Green, regarded by his peers as well-spoken, intelligent and confident, is also adept at advanced metrics. He worked with the team's infielders and, specifically, handled all the team's shifting efforts.

"I'm very excited for him -- and even a little jealous. It's a great opportunity, and it is one I think everyone knew was going to happen at some point, maybe not this fast, but at some point. But it's deserved. He's prepared for this," said D-backs hitting coach Turner Ward.

"The Padres are getting a guy who is very passionate about what he does and who cares about the development of his players, as players and as people."

Before settling on Green, the Padres interviewed a wide range of candidates for the job, candidates who had never spent a day managing at any level -- ESPN analyst Alex Cora and former Angels assistant general manager Scott Servais, who last week was named manager of the Mariners.

There was Gardenhire, who managed more than 2,100 games with the Twins. Just last week, Preller was linked to former big league pitcher Tom "Flash" Gordon, who hasn't done any coaching professionally.

"There have been big league managers who've been successful from all different paths," Preller said. "So we were open-minded to any of those paths and finding the right guy … the guy who had presence, who had energy, who was intelligent on the baseball side and prepared."

It's still not known if Green will attempt to bring any coaches from Arizona to San Diego. There's nothing to say that he can't. He could have his pick of a handful of current coaches, who are still under contract through Saturday.

"I can't wait to connect with people on the staff. I have heard tremendous things about so many people that are on our staff right now," said Green, who plans to reach out to members of the coaching staff. "I want to get to know them. I want to see if they share the same vision."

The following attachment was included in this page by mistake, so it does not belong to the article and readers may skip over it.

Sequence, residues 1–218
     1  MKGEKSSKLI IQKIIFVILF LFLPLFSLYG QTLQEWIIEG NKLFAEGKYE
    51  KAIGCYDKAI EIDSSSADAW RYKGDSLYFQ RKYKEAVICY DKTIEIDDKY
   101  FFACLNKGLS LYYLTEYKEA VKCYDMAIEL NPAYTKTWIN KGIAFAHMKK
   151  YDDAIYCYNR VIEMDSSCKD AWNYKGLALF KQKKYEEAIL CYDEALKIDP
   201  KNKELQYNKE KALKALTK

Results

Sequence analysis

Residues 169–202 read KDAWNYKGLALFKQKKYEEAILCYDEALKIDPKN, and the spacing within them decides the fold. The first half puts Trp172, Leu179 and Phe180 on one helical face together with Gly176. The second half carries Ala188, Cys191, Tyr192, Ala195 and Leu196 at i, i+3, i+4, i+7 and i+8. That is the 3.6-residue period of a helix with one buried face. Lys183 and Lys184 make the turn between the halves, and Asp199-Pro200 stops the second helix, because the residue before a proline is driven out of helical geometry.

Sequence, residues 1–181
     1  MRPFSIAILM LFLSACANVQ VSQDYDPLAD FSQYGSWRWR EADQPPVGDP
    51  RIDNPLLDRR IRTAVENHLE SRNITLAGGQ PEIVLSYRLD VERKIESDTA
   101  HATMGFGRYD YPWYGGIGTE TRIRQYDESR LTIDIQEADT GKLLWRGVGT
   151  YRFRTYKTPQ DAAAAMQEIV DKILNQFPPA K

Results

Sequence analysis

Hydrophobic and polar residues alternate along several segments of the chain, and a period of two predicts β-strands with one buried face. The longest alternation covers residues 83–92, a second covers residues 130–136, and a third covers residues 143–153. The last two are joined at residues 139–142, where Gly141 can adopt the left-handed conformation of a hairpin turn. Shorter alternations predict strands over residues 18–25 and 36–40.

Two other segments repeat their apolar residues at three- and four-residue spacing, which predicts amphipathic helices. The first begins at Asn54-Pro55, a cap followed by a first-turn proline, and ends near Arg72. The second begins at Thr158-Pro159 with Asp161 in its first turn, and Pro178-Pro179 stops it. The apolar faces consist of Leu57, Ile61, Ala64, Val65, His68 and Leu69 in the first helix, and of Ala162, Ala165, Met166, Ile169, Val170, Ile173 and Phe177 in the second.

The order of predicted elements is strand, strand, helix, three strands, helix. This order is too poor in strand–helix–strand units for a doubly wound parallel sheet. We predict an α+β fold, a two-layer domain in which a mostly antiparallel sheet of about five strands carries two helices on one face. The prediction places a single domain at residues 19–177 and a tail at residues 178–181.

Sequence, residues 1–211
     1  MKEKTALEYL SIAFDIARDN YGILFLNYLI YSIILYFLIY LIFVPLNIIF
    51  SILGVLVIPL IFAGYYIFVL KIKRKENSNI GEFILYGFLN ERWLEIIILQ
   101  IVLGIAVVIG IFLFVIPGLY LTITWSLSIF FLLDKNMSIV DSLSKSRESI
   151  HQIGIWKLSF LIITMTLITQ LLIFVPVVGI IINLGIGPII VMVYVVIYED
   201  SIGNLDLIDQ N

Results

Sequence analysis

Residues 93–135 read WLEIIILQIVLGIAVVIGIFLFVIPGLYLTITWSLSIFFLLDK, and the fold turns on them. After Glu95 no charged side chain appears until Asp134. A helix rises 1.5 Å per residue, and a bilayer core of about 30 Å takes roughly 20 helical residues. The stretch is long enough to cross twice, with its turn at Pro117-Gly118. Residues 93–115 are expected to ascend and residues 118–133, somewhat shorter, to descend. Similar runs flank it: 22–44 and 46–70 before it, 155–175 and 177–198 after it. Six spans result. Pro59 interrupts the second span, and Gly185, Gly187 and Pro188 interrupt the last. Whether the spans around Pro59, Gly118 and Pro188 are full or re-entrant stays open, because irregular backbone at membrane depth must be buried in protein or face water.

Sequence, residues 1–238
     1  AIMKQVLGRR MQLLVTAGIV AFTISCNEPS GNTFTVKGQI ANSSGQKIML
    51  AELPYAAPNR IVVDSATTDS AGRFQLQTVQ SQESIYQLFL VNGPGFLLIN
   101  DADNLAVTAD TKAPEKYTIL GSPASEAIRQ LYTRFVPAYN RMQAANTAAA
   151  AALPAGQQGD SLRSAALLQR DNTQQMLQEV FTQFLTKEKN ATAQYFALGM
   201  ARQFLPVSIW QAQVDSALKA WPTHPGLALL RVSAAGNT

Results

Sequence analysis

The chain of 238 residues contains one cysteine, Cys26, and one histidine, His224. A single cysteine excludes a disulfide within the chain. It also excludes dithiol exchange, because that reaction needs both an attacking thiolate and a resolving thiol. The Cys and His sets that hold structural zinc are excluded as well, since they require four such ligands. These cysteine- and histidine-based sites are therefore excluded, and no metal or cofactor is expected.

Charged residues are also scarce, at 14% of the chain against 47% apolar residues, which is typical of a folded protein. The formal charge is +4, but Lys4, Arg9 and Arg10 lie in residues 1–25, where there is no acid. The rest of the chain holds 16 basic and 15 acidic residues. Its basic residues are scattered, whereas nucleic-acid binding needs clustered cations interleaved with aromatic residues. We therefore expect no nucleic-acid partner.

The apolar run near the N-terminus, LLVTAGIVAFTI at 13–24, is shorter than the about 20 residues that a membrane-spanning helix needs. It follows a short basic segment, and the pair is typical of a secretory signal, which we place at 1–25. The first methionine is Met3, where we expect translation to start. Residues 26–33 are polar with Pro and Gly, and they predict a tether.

The team would like to retain highly-regarded pitching coach Darren Balsley, who has been with the team since 2003. It's unclear what Green's hire will do for the team's hitting coach, Mark Kotsay, who interviewed for the job, or bench coach Dave Roberts, who interviewed for the Mariners' head job.

Green inherits a team that went 74-88 and finished fourth in the NL West, 18 games back of the Dodgers -- far below the meteoric expectations heaped on a team that revamped its roster last winter with a series of dizzying moves, adding Matt Kemp , Justin Upton , Wil Myers and James Shields , among others.

But the Padres struggled early and it cost manager Bud Black his job in June. The interim manager, Pat Murphy, proved not to be a good fit and the team lost 21 of its final 31 games. Murphy was dismissed an hour after the season ended.

Green didn't want to address the 2015 Padres or specific players in great detail before he has a chance to talk to each player. He already has a message that he plans to share with each and every one of them.

"We're going to work as a staff. We're going to work as players. Our tomorrow is brighter than our today. We've got good things coming our way if we commit ourselves to the process and stay committed to that process," Green said.

Corey Brock is a reporter for MLB.com. Keep track of @FollowThePadres on Twitter and listen to his podcast. This story was not subject to the approval of Major League Baseball or its clubs.